There are many iconic motorcycles, but only a handful have changed the entire industry. In 1984 the little Kawasaki GPz900R arrived from the small Japanese manufacturer Kawasaki & redefined a performance motorcycle – forever.
This isn’t your usual Japanese sportbike.. this is a hard-core performance motorcycle aimed directly at the hard-core performance rider. If you think the essence of motorcycling is the sensation of leaning into corners, you need one. Source: Motorcyclist 1984
Despite the 908cc engine being at least 10% smaller than her competitors (Z1300!), almost 40 years later it still ranks as the 17th fastest production motorcycle – ever. But in 1984 it’s performance was breath-taking. Not simply the first +150mph motorcycle, it cornered properly & was out-run by only a handful of exclusive supercars – off the line it left all of these far behind.
The GPz was, by almost every measure, King of the Road.
Context? A modern production superbike is now out-muscled by scores of modern supercars. To be the fastest you need 4 wheels and very deep pockets. In 1984 you simply bought a GPz900R.
The 1948 Vincent Black Shadow is deservedly regarded as the grandfather of superbikes. Incredibly fast but expensive, uncomfortable and, let’s be honest, dangerous. And apart from being cheaper not much changed right through to the early 80’s.
But Kawasaki had seen the future & after six years of development the GPz took performance motorcycling from a limited, niche market and handed it to the masses on a gold platter.
It was affordable and handled impeccably, a performance motorcycle that the average rider, even Tom Cruise, could genuinely own – and coincidentally was basically the fastest vehicle on the road. It is no wonder it made such an impact.
…the Ninja is almost a production-racer motorcycle for street use, a motorcycle that can’t be versatile without losing it’s specialist expertise. The Ninja’s target is the no-compromise sports rider who wants high-tech hardware and who thinks or knows he can use it. Source: Road Test 1984
The Ninja (its name in the US) was a decathlete – designed to be the best at everything that defined a performance motorcycle. No longer did this simply mean power and size, that’s why the engine is only 908cc. The brilliance of the Kawasaki engineers was that by designing the whole package it also happened to be the fastest on the road and no slouch on the racetrack either.
Re-defined as a sports-tourer gave the design an incredible 20 year sales run, out-lasting scores of sports & performance motorcycles. If you could only own one sporting motorcycle the GPz remained a genuine choice – for well over a decade.
Firstly it opened the door to this market – sensible people, not simply riders, now realised they could own a performance motorcycle and live to tell the tale. Secondly, the GPz was so good at everything that only by specialising could other motorcycles genuinely out-point her.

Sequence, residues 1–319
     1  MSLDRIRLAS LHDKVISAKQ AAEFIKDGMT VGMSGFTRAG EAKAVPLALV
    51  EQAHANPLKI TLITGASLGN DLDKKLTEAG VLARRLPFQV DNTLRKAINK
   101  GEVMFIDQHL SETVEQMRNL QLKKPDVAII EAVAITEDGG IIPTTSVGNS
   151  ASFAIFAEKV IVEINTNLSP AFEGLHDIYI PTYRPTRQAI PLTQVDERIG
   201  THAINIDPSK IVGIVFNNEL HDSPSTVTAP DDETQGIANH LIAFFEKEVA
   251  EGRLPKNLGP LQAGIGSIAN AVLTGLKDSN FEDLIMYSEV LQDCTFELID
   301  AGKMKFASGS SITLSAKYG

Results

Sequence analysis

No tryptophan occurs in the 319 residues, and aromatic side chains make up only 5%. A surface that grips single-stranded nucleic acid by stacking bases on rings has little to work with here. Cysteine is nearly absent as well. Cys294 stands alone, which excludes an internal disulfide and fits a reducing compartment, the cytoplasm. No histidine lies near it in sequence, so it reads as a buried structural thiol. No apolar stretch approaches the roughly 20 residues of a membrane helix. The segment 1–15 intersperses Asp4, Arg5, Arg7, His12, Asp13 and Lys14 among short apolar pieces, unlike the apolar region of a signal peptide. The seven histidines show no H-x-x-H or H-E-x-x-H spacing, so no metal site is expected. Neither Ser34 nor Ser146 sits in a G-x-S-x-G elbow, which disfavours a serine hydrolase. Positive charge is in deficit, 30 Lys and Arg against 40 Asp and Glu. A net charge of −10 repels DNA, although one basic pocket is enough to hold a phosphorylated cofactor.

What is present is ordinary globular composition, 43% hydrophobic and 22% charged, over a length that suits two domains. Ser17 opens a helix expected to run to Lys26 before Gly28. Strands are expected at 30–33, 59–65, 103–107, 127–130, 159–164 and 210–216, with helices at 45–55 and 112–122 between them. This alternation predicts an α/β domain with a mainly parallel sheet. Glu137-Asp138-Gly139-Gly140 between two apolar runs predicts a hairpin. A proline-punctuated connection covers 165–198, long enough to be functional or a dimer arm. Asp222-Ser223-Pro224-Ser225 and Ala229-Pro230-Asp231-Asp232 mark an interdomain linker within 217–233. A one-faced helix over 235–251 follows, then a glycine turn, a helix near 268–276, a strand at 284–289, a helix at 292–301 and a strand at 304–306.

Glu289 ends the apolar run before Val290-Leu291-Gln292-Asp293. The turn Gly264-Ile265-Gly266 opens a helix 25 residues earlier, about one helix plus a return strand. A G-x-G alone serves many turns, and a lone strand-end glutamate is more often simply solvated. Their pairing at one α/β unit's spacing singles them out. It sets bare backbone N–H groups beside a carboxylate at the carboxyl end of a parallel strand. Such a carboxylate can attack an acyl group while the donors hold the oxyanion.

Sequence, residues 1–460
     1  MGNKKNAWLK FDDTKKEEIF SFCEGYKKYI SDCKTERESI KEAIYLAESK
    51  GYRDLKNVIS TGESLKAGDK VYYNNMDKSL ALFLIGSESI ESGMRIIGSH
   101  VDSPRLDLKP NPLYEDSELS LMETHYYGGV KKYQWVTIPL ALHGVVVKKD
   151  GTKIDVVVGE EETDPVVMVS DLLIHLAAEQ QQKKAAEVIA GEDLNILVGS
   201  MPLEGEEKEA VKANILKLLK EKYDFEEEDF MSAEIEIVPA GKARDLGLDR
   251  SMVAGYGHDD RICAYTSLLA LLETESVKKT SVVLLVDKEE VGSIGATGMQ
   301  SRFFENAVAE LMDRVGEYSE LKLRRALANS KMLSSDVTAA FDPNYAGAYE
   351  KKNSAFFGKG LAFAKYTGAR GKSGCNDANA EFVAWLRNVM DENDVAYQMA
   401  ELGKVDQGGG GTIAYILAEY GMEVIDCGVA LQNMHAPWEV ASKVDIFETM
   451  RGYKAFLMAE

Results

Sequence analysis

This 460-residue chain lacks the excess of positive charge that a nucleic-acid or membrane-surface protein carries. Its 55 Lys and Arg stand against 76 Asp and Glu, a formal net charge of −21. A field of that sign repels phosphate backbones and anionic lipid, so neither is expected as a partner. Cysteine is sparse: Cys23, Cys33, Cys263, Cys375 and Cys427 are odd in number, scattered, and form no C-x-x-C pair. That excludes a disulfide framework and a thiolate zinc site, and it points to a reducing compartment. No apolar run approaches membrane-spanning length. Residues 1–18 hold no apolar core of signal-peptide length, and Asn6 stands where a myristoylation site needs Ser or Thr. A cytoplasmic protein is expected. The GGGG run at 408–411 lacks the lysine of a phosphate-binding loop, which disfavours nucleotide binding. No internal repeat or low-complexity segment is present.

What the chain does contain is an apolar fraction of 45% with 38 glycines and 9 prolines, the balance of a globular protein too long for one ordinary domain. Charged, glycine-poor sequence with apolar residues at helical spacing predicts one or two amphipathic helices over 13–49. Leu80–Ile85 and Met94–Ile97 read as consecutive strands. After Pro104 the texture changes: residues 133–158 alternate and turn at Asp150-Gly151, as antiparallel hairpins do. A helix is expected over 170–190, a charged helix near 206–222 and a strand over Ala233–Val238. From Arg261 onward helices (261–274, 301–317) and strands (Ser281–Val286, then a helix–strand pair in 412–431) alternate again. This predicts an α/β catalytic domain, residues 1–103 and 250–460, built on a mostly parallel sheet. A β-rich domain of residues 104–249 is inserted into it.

The wonderful 1985 Suzuki GSX-R750 is the perfect example. Dominated 750cc production racing but was only marginally faster than the Kawasaki on a race-track. How marginal? Well after 3 hours racing around Mt Panorama, pretty darn close, the last lap of this race is brilliant. Frightening too from a modern perspective, those riders had nerves of steel.
To begin with you have to appreciate the different design concepts of the GPz and the GSX-R. The former is essentially a road bike that just happens to be pretty good on the track; the latter was designed from the outset as a straight-from-the-crate racer that just happens to have lights and indicators. Source: Motorcycle International Nov 85
Kawasaki produced the ultimate performance motorcycle. The fastest and the best at almost everything. The GPz shook the industry from it’s laziness – speed was no longer enough. History shows from here that any significant motorcycle design was more specialised, stronger at one element but weaker at another, creating the different sports-tourers, superbikes and hyperbikes we now see today.
In 1984 the GPZ was all of these – there simply will never be another motorcycle like it.
The aim of this site is to be the ultimate online reference point for owning & maintaining a GPz900R.
From here you will find links to other online resources, general information, maintenance, parts, technical & service information with real experiences and input from real owners. The good, the bad and the ugly. Please feel free to contribute to the knowledge-base on this iconic motorcycle as we cruise towards her 50th anniversary in 2034.
Enjoy the ride!
These organisations support the site & the GPz900r, so please support them.
Register your GPz900r
Registration adds your chapter to the international story of riding this unique machine, but more importantly allows you to share details of your personal ownership experiences, in particular local contacts and specialists. This information is of great value and benefit to other owners and helps keep these wonderful machines running.
Plus it gives me more photos to use!
Registration is totally free and I can structure the online information to be as private and/or anonymous as you require. The only required information required is:
- a recent photo
- engine number
- frame number
“My goal is to create the ultimate online reference for the gpz900r – and be the definitive source of information for anyone across the world owning this unique motorcycle.”
“Technical information on this site is real-life, hands-on experiences provided by actual owners of the bike.”
“In 2034 the GPz900r will be 50 years old – my goal is to have 908 bikes online to celebrate that milestone!”